Short-Term Cuprizone Feeding Induces Selective Amino Acid Deprivation with Concomitant Activation of an Integrated Stress Response in Oligodendrocytes
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- Goldberg, J., Daniel, M., van Heuvel, Y. et al. Cell Mol Neurobiol (2013) 33: 1087. doi:10.1007/s10571-013-9975-y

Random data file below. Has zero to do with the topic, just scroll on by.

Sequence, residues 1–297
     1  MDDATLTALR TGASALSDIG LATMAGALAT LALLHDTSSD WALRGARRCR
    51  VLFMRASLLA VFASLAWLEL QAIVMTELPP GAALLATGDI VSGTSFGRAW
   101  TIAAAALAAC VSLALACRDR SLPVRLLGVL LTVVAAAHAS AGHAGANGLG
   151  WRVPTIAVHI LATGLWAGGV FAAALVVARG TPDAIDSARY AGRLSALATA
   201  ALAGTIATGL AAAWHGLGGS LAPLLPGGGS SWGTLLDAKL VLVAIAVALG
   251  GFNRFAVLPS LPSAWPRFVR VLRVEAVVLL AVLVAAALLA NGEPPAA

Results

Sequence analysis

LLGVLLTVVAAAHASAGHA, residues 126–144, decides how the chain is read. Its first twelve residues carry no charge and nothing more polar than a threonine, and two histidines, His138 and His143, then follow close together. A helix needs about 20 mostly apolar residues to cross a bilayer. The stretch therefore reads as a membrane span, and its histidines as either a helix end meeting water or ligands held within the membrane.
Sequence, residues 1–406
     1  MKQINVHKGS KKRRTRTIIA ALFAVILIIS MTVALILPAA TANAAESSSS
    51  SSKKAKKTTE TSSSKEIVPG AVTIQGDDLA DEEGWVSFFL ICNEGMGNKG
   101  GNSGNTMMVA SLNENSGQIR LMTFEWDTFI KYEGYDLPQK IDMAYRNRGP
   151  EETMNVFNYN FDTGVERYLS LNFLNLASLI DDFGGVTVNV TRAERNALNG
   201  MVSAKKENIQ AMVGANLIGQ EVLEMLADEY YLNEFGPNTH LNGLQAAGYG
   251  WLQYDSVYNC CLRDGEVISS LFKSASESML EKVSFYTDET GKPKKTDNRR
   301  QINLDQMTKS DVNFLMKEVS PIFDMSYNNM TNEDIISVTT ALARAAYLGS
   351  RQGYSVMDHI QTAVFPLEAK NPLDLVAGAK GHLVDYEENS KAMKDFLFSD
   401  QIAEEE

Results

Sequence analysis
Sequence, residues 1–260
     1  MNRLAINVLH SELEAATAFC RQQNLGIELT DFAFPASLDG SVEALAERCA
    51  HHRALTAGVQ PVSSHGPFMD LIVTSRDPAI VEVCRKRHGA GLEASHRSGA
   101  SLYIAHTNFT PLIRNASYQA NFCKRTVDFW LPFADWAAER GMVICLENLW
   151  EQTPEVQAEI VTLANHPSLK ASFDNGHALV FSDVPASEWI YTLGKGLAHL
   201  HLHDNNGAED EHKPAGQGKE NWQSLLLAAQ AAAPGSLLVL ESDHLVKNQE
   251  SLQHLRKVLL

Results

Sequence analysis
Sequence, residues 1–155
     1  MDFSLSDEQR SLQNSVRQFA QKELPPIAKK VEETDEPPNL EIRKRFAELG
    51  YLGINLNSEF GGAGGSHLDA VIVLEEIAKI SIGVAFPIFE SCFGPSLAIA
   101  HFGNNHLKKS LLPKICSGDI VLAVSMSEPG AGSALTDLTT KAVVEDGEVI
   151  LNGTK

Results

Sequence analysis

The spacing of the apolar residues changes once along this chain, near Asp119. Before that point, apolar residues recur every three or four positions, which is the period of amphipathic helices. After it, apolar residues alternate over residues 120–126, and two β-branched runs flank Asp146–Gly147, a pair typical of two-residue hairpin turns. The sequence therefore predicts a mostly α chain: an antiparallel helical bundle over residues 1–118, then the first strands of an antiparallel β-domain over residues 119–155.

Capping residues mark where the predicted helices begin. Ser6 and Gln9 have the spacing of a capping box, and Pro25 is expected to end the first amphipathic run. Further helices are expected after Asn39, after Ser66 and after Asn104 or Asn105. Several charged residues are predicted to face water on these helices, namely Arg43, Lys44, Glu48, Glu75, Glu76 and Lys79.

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Cuprizone [bis(cyclohexylidenehydrazide)]-induced toxic demyelination is an experimental approach frequently used to study de- and re-myelination in the central nervous system. In this model, mice are fed with the copper chelator cuprizone which leads to oligodendrocyte apoptosis and subsequent microgliosis, astrocytosis, and demyelination. The underlying mechanisms of cuprizone-induced oligodendrocyte death are still unknown. We analysed differences in amino acid levels after short-term cuprizone exposure (i.e., 4 days). Furthermore, an amino acid response (AAR) pathway activated in oligodendrocytes after cuprizone intoxication was evaluated. Short-term cuprizone exposure resulted in a selective decrease of alanine, glycine, and proline plasma levels, which was paralleled by an increase of apoptotic cells in the liver and a decrease of alanine aminotransferase in the serum. These parameters were paralleled by oligodendrocyte apoptosis and the induction of an AAR with increased expression of the transcription factors ATF-3 and ATF-4 (activating transcription factor-3 and -4). Immunohistochemistry revealed that ATF-3 is exclusively expressed by oligodendrocytes and localized to the nuclear compartment. Our results suggest that cuprizone-induced liver dysfunction results in amino acid starvation and in consequence to the activation of an AAR. We propose that this stress response modulates oligodendrocyte viability in the cuprizone animal model.